This stained glass depiction of Jesus feeding 5,000 people reflects the Gospel reading for Aug. 2, 2020, the 18th Sunday in Ordinary Time. Photo from
This stained glass depiction of Jesus feeding 5,000 people reflects the Gospel reading for Aug. 2, 2020, the 18th Sunday in Ordinary Time. Photo from
Gospel Reflection for Aug. 2, 2020, 18th Sunday in Ordinary Time

The assassination of John the Baptist clearly has an impact on Jesus and his work and ministry. Their lives were deeply linked together and their missions intertwined. Upon hearing of the news of John’s death, and as he begins to more and more anticipate and speak about his own Passion and Death, Jesus withdraws with his disciples for a time of prayer and retreat.

We must also consider that the crowds by now, having heard of John’s death, are also experiencing some fear and concern. Many of them had relied on John to revitalize their religious practice and to call them to conversion. Any questions as to whether or not the crowds thought him to be the messiah, John made an important impact on a segment of the Jewish community, including Jesus and his disciples.

John had been in prison for some time before he was killed, and by this time in his ministry, Jesus was attracting larger crowds. On this day, and likely in response to the news of John’s death, more than 5,000 men, women and children seek out Jesus in that deserted place so that they could listen to him to find healing of their sins and afflictions, and perhaps, find some consolation in their grief over the death of John.

The 12, and to a much lesser extent even Jesus himself, have grown weary of the pressure and the demands of the crowds. They went to this abandoned place to be alone and regroup. After interrupting his time of prayer Jesus spoke with the crowds at length. Matthew does not record for us what Jesus taught that day. The disciples now wearied of the day, are ready to send the people away so that they can get some food. While the disciples could not imagine feeding the crowd themselves, they also seem ready to dismiss the crowd so that they can continue their prayer and rest. On the one hand, it is a genuine concern for the well-being of the crowd, while on the other, we can see that they just want to be alone with Jesus.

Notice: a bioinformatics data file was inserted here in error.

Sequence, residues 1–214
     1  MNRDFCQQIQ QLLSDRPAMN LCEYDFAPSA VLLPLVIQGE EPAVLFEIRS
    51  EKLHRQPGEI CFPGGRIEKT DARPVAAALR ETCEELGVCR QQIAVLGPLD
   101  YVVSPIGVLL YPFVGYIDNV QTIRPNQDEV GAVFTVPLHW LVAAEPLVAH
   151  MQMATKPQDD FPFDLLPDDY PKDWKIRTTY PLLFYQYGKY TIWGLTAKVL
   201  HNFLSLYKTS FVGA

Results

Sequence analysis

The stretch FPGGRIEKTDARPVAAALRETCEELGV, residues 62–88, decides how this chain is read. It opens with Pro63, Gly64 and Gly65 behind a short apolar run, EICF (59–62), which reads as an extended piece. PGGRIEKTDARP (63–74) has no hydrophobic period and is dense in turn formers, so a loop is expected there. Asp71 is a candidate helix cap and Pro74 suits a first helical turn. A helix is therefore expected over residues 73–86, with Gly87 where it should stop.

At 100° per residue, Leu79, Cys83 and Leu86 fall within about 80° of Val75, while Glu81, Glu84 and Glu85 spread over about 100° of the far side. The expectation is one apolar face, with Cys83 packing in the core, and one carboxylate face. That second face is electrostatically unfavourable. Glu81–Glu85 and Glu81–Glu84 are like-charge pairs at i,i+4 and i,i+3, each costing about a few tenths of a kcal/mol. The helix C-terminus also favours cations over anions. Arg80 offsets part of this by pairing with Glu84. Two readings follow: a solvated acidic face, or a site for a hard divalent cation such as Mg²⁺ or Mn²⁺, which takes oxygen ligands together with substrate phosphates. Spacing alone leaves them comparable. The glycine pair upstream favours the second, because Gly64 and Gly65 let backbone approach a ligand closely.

Jesus, of course, will have none of this. He is not ready to dismiss the crowds and offers the seeming crazy idea to the disciples that they should feed the assembled crowd themselves. “Jesus said to them, ‘There is no need for them to go away; give them some food yourselves.’ But they said to him, ‘Five loaves and two fish are all we have here.’”

The disciples have dismissed any further idea of feeding the crowd while Jesus takes the meager food given to him and, having blessed the food, distributes it to the crowd to eat. There are 12 wicker baskets of food left over once the crowd has had their fill.

The Lord, in the midst of the weariness of his life and ministry, and with his need to be apart and left alone to pray and reflect, still teaches and ministers to the crowd. With very little – very little food and perhaps even little energy and strength – Jesus tends to the needs of the crowd over the needs of himself and his disciples.

This is an important lesson in discipleship. Jesus shows us that, through the power and support of prayer, even when we feel like we have nothing more to give, that we are tired or burned out, that the grace of the Lord continues to work through us. With little – indeed with very little – emboldened by the power of grace, we can accomplish great things.

The miraculous feeding of the crowds, which occurs more than once in his ministry, is the most profound of all of the miracles. Steeped in Old Testament imagery and foreshadowing not only the Eucharist, but he also anticipating the entire work of the Church, grounded in the Paschal sacrifice of Jesus. This is an episode that cannot be reduced to anything less than a miracle of God’s abundance. The notion that Jesus evoked sharing among the assembled crowd is not faithful to the testimony of the Gospel writers, nor does it coincide with the theological and scriptural allusions that the evangelists employ.

We will see Jesus again as he endures his Passion and Death giving all of himself for the sake of carrying us to salvation. In our lives and in our ministry we are given the strength to give of ourselves even when we feel like we have nothing left to give.

Father Garry Koch is pastor of St. Benedict Parish, Holmdel.